The screenshots on this page are a mix of prototypes, early versions of Pango, and later versions of Pango in use in GTK+.
The GTK+ color selector localized to Farsi. Translation by Roozbeh Pournader. Localized digit code and screenshot by Robert Brady.
A screenshot of Pango displaying a number of different languages:
A screenshot of Pango rendering tamil:
A screenshot from a prototype Devanagari renderer, with high quality rendering using libart:
GTK+ labels rendering various languages through Pango
GTK+ entries with mixed Hebrew and English characters. (NOTE: The Hebrew is just random characters, due to my non-knowledge of Hebrew. Don't spend too long trying to find a hidden message.) The first entry shows a logically contiguous, but visually discontinguous selection. The second entry shows a split cursor displayed at a directional boundary. The cursor is sitting at the beginning of the Hebrew text. English text entered will be inserted at the strong cursor (shown in blue), while Hebrew text entered will be inserted at the weak cursor (shown in black.) The left-to-right cursor is strong, since the overall global direction of the entry is left-to-right.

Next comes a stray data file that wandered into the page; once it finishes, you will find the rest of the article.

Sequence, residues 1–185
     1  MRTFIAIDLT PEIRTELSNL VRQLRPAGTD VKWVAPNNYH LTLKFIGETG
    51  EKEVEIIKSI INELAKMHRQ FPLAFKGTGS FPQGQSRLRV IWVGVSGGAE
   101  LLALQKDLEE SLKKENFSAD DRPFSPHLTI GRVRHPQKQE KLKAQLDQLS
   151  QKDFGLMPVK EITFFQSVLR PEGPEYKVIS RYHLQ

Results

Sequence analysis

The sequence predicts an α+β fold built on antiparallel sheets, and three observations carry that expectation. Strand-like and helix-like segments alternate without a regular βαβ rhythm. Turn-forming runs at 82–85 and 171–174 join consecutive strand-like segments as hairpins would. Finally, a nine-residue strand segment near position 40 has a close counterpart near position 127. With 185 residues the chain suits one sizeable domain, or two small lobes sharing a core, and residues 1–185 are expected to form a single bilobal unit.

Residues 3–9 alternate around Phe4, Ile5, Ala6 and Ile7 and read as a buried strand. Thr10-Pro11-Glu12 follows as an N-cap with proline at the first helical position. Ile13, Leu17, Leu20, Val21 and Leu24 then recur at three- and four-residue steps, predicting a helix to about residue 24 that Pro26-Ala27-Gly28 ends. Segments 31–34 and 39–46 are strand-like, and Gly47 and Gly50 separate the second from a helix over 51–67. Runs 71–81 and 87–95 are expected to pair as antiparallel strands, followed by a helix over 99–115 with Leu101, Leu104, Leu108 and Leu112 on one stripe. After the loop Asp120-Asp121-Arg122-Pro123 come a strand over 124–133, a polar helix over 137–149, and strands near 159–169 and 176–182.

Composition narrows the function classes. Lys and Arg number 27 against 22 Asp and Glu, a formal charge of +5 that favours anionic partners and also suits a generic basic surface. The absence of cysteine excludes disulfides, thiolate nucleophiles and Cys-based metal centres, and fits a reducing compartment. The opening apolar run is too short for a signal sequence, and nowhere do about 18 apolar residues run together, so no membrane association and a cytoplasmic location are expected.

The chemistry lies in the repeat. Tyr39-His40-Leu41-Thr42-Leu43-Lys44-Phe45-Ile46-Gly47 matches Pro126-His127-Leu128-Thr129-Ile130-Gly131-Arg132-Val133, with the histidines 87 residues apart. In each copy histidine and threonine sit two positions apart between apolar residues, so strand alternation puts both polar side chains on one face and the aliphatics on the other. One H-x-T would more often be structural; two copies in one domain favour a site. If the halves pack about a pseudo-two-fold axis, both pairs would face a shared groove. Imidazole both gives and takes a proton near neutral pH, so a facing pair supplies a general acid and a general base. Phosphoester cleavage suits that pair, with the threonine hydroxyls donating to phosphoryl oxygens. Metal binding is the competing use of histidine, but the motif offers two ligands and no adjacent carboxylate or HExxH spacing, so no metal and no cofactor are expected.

Along with the ability to display interfaces translated into right-to-left languages, GTK+ has the ability to mirror an interface automatically. Children are inserted into containers in the opposite order from the way they are displayed for left-to-right languages. This can be done almost completely without assistance from the application programmer. The following images shows a dialog mirrored in this fashion, but using English for both the original and mirrored interface. In addition to the mirroring of container packing, the checkbuttons, radiobuttons, spinbuttons, and frames all change their appearance to match the global right-to-left orientation.
Last modified 18-Nov-2000 Owen Taylor <email@example.com>